Stories from Ancient Canaan, Second Edition

Stories from Ancient Canaan, Second Edition

Michael D. Coogan

Language: English

Pages: 160

ISBN: 0664232426

Format: PDF / Kindle (mobi) / ePub

Stories from Ancient Canaan, Second Edition

Michael D. Coogan

Language: English

Pages: 160

ISBN: 0664232426

Format: PDF / Kindle (mobi) / ePub


The texts from ancient Ugarit are among the most important modern discoveries for understanding the Bible. For more than thirty years, Stories from Ancient Canaan has been recognized as a highly authoritative and readable presentation of the principal Canaanite myths and epics discovered at Ugarit. This fully revised edition takes into account advances in the reading, understanding, and interpretation of these stories since 1978. It also includes two additional texts, expanded introductions, and illustrations. Coogan and Smith have collaborated to bring this classic up to date in order to provide accessible and accurate translations of these texts for a new generation of students.

The Hitopadésa (Penguin Classics)

The Writers Journey: Mythic Structure for Writers (3rd Edition)

Four Tragedies and Octavia (Penguin Classics)

 

 

 

 

 

 

 

 

 

 

 

minimum requirements of the American National Standard for Information Sciences—Permanence of Paper for Printed Library Materials, ANSI Z39.48-1992. Most Westminster John Knox Press books are available at special quantity discounts when purchased in bulk by corporations, organizations, and special-interest groups. For more information, please e-mail SpecialSales@wjkbooks.com. For our teachers of Ugaritic George S. Glanzman, SJ Frank Moore Cross Marvin H. Pope Jonas C. Greenfield

too will surely die. And I have something else to tell you: 40Bows are for warriors— do women ever hunt?” Anat laughed aloud, but in her heart she plotted: “Listen to me, Aqhat the Hero, listen to me while I speak: If I meet you on the path of rebellion, . . . on the proud path, I’ll make you fall under my feet, 45you pretty-boy, he-man.” She stamped her feet and left the earth; then she headed for El, at the source of the two rivers, in

the squares. (Jer. 9:21) This passage implies a popular superstition that Death entered a house through a window, and it may explain Baal’s initial reluctance to include a window in his new house. Though recognized as king, Baal was unsure of his absolute power and preferred not to give Death an opportunity to enter. As we will see, this caution was justified. After his theophany Baal became bolder and rasher and sent his messengers to inform Death of the construction of his palace and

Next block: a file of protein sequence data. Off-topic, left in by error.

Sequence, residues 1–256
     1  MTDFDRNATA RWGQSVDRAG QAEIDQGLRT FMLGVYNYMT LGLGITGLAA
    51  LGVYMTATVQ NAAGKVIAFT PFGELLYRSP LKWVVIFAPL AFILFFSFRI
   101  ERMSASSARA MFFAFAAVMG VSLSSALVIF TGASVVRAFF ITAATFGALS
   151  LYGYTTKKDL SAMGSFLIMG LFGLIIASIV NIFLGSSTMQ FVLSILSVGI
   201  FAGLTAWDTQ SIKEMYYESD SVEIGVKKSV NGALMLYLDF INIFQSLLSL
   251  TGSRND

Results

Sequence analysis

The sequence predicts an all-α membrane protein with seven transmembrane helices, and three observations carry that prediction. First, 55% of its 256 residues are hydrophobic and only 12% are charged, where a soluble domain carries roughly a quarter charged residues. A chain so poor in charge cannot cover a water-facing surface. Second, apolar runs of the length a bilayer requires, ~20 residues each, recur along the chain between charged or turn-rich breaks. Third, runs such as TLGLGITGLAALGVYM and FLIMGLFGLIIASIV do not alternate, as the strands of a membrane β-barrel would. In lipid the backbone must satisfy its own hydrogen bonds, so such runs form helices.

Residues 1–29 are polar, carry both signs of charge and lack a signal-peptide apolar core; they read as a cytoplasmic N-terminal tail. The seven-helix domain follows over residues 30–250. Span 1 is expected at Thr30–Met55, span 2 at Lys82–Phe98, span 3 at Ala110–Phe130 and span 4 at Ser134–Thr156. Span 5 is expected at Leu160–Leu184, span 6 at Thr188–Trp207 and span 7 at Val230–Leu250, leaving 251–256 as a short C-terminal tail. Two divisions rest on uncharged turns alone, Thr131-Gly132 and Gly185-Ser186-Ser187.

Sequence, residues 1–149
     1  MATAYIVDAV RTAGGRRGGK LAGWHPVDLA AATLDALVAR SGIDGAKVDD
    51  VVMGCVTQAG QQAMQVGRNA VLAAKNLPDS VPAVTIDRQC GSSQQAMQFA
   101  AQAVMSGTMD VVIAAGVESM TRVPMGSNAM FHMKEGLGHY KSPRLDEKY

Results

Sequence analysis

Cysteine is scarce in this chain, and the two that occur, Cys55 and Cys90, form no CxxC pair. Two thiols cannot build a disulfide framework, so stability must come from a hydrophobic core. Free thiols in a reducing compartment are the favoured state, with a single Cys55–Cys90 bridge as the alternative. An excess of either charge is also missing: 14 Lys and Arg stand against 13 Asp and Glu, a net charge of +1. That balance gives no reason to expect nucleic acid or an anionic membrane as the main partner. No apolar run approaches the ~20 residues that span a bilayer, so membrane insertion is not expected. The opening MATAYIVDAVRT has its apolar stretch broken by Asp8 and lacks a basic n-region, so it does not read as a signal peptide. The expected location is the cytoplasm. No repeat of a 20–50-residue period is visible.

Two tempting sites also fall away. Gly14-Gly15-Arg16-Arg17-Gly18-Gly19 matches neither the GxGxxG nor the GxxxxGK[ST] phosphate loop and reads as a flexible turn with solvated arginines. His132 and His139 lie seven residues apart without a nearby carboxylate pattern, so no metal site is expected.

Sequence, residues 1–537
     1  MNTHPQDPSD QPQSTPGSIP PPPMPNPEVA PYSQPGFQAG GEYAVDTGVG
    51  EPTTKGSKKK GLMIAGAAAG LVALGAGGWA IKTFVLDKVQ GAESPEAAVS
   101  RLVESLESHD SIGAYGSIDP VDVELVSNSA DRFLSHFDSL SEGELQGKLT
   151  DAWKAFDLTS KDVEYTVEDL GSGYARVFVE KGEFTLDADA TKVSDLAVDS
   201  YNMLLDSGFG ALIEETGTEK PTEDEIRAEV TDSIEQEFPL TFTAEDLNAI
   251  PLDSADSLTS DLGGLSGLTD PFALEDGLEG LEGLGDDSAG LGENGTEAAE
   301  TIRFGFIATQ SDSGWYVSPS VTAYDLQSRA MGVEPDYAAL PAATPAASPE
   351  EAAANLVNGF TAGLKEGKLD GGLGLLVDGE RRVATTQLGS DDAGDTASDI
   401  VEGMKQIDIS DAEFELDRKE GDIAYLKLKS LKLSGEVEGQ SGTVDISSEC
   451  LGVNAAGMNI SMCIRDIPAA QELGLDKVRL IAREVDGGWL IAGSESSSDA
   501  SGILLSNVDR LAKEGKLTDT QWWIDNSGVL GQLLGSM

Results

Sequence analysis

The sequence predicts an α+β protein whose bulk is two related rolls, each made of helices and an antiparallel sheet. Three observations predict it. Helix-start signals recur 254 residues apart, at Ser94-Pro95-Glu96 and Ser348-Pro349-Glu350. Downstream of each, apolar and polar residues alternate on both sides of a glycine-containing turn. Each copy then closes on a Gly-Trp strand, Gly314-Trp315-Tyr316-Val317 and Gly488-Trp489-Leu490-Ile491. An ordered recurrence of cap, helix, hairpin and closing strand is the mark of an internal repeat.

ten damaged lines before the text becomes clear. Like tablet 6, the top of this tablet would have begun with the scribal title for the series of tablets about Baal: “Belonging to Baal.” These lines may include a message from Baal presented to Sea, including a curse spoken in the very same form as the curse at the end of Kirta. When the text becomes clearer, Sea sends instructions to his messengers. Sea sent two messengers . . . The second halves of lines 11 and 12 are damaged.

are missing. When the narrative resumes, it is evident that Asherah has agreed to the request of Baal and Anat to intercede with El on Baal’s behalf. And Lady Asherah of the Sea replied: “Listen, Holy and Most Blessed One, Lady Asherah of the Sea’s Fisherman: 5Saddle an ass, harness a donkey, attach silver reins, a golden bridle, fasten reins to my she-ass.” The Holy and Most Blessed One obeyed; he saddled the ass, harnessed the donkey, 10he attached silver

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